If you live in a cold climate, winterizing your pool is a necessary but sometimes bothersome requirement. Inground pools that are not properly winterized may end up with cracked pipes, broken hoses, and damaged walls. In order to winterize an in-ground pool, water quality needs to be adjusted, equipment cleaned and stored, the water level lowered, and a cover chosen and fitted.
Water Quality Parameters for Winterizing a Pool
Despite the fact that no one is going to be using the pool, water quality remains important during the winter. Because the goal of winterizing a pool is to prevent damage to the pool and its supporting structures, the water needs to be balanced and cleaned. If the water quality is not ideal, prolonged exposure to the water itself, when it is not being filtered and treated, could damage the pool.
The first step to creating ideal water chemistry is to balance the pool water to the following levels:
- pH: 7.2-7.8
- Alkalinity: 60-180 ppm
- Calcium hardness: 150-1000 ppm
After reaching these levels, the next step is to shock the pool with a large quantity of sanitation chemicals. Chlorine is used for chlorine and bromine pools, and hydrogen peroxide for PHMB pools. When using chlorine, approximately 1-2 lbs per 10,000 gallons of pool water is needed.
It takes time for chlorine levels to fall, but it is necessary to wait because high levels of chlorine may react with the algaecide and render it useless. High chlorine levels may also damage pool covers. A range of 1.0-3.0 ppm is typically the goal before moving to the next step.
The use of a commercial algaecide is common but not mandated. Mechanically cleaning the pool will also help prevent the growth of unwanted organisms and remove waste. Make sure to clean all of the surfaces of the pool. Vacuum cleaners, skimmers, leaf-rake bags and other tools can be used. The goal is simply to remove as much material from the water and the surfaces of the pool as possible.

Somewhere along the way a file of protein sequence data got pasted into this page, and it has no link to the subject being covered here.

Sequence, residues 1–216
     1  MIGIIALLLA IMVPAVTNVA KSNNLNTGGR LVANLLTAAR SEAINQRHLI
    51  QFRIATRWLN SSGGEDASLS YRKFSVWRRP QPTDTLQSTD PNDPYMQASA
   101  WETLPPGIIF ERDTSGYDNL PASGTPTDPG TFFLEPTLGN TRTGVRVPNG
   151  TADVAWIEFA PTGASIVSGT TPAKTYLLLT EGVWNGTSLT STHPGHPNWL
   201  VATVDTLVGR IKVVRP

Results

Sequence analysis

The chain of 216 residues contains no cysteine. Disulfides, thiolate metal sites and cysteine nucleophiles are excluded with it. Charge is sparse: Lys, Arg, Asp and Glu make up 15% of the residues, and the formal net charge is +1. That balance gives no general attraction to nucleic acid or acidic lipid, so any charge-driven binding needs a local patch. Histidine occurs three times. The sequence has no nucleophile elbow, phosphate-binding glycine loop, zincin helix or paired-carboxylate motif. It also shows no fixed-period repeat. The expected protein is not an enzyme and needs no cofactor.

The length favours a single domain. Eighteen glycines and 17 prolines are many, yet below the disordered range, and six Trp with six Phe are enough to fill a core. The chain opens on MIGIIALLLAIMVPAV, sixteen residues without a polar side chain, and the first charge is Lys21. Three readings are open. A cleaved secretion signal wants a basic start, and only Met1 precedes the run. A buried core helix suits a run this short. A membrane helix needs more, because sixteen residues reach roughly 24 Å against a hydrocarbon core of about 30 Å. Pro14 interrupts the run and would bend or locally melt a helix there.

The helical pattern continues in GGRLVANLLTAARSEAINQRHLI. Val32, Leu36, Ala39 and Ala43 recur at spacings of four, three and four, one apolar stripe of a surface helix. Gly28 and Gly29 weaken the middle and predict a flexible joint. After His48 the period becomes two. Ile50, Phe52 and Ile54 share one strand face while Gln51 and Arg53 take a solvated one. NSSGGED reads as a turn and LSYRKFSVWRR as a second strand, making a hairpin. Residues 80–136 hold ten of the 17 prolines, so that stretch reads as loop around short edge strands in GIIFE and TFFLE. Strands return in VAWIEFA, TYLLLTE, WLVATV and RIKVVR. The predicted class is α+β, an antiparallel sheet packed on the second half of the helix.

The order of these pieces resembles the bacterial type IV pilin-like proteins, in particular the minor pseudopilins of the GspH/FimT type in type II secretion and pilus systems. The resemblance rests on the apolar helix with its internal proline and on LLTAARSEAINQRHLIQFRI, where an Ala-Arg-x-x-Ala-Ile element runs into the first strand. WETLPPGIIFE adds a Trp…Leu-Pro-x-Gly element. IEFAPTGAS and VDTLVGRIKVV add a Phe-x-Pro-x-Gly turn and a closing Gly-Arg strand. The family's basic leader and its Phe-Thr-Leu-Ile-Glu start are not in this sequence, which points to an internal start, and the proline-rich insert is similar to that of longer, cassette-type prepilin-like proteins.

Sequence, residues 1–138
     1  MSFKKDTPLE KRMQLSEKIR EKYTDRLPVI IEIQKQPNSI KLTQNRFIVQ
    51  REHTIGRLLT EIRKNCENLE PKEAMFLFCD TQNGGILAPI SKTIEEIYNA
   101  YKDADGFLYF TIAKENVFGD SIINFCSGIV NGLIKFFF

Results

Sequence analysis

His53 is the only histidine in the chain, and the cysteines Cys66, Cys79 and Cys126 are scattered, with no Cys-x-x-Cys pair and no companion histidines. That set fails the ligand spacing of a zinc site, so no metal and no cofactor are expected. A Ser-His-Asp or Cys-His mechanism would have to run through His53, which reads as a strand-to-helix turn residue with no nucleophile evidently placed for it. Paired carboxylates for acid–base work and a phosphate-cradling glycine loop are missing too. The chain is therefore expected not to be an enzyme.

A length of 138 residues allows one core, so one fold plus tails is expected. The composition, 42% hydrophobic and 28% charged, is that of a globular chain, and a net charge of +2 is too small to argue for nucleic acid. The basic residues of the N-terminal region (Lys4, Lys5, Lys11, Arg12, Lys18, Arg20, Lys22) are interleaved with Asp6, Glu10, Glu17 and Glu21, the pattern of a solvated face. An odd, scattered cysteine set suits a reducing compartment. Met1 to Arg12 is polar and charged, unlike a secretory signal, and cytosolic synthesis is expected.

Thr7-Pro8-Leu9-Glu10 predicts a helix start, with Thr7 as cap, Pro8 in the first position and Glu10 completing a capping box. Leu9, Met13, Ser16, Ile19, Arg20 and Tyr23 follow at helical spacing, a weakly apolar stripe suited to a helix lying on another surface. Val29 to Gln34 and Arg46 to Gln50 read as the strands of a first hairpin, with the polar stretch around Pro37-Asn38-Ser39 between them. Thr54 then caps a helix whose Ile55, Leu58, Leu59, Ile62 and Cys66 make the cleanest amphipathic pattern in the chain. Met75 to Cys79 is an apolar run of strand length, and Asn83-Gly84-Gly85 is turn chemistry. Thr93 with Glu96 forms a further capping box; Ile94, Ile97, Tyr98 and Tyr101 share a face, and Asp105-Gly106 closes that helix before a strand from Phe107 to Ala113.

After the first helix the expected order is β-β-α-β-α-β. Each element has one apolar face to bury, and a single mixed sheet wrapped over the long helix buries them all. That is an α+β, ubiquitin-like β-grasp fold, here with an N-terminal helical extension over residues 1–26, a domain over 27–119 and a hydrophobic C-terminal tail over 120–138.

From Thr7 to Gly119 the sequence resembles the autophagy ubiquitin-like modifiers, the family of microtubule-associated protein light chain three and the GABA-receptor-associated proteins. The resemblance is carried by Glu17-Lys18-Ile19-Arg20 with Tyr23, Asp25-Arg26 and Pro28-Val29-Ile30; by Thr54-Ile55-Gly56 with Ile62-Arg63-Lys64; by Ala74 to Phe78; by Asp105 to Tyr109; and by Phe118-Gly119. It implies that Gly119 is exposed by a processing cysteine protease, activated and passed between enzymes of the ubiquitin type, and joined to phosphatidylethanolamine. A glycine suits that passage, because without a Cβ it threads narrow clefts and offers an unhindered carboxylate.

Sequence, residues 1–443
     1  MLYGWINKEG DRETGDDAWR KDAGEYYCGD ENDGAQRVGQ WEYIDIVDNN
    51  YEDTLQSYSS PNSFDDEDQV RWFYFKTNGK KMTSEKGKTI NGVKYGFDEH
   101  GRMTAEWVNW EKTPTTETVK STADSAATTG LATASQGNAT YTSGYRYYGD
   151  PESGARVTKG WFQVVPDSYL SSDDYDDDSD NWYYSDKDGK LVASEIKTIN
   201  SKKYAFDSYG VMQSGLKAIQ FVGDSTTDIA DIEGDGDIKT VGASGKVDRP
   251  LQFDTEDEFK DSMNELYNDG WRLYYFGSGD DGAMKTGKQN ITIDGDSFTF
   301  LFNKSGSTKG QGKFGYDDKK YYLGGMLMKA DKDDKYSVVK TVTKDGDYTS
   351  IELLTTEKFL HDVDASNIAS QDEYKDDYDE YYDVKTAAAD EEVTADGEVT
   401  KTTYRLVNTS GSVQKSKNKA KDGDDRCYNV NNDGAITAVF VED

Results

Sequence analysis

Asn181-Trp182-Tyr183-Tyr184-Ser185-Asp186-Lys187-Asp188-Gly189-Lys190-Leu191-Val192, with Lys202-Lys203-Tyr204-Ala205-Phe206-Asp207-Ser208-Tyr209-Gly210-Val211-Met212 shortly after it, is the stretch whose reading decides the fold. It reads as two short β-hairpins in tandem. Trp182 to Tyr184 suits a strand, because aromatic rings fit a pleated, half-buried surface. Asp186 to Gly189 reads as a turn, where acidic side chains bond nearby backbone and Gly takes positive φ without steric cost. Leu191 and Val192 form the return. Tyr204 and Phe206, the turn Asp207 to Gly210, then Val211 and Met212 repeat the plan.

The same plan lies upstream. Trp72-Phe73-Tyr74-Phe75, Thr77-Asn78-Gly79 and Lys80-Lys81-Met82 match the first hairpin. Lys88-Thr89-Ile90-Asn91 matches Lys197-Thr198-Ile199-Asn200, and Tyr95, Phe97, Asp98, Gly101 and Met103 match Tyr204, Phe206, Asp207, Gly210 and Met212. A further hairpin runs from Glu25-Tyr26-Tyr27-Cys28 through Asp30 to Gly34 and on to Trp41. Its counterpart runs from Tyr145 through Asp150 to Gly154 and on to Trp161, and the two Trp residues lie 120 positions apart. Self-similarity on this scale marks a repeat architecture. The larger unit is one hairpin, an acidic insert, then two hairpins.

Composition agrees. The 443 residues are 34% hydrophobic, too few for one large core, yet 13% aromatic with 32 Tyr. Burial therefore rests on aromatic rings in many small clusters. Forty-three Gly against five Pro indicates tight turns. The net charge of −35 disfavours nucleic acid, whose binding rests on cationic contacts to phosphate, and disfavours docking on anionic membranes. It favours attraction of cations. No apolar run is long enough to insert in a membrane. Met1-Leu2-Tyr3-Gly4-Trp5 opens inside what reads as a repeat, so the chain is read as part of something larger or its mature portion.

Preparing and Storing Pool Equipment
Most of the equipment will need to be cleaned and drained when winterizing a pool. A specialized blower or a wet/dry vacuum capable of the required low pressure is necessary to purge water from the pipes and hoses. High pressure can damage these, so make sure to use the proper equipment.
You should expect that someone will need to:
- Clean and drain the filter
- Drain the heater and pump
- Purge all hoses and pipes
- Turn off electrical power and make sure the circuit breaker is off
- Turn off the gas and put out the pilot light on gas heaters
- If severe weather is expected, remove motors for storage indoors
Pool equipment should be cleaned and allowed to dry thoroughly before storage. Once the hoses and pipes are purged, plugs will need to be placed on the pool end in order to prevent them from refilling with water. Some people use pool antifreeze in addition to blowing out the lines. If you choose to do this, use only pool antifreeze, not the kind intended for vehicles.
Types of Pool Covers
There are four basic types of pool covers:
- Solid lightweight fabric
- Spring-loaded mesh
- Spring-loaded solid
- Automatic and manual covers with tracks
Lightweight fabric covers are usually held in place with sandbags or anchors. Spring-loaded covers are typically anchored to the deck surrounding the pool. Tracked covers may be built into the sides of the pool or anchored on the deck.
Pool covers must be monitored for accumulation of snow, water, and debris. Solid covers must have drains or pumps to remove standing water because it presents a drowning hazard. All covers should be kept as clear as possible because excess weight can damage them.
Draining the Pool
How far you drain the pool depends on the material that it is made out of. Pool materials can be damaged by excess exposure to freezing air as well as by the expansion of ice if the top of the pool freezes over. Because of this, where the water line is located is important and depends on what the pool is made of.
In general, pools are drained to below the skimmer mouth and tile line. One to six inches is usually recommended. The exceptions are pools using mesh or automatic covers. Mesh-covered pools are typically drained 18-24 inches below the skimmer mouth, while automatic covered pools are usually not drained any lower than the skimmer mouth.
What You Need to Winterize Your Pool
You will need a few different types of equipment and supplies, many of which you probably have on hand already: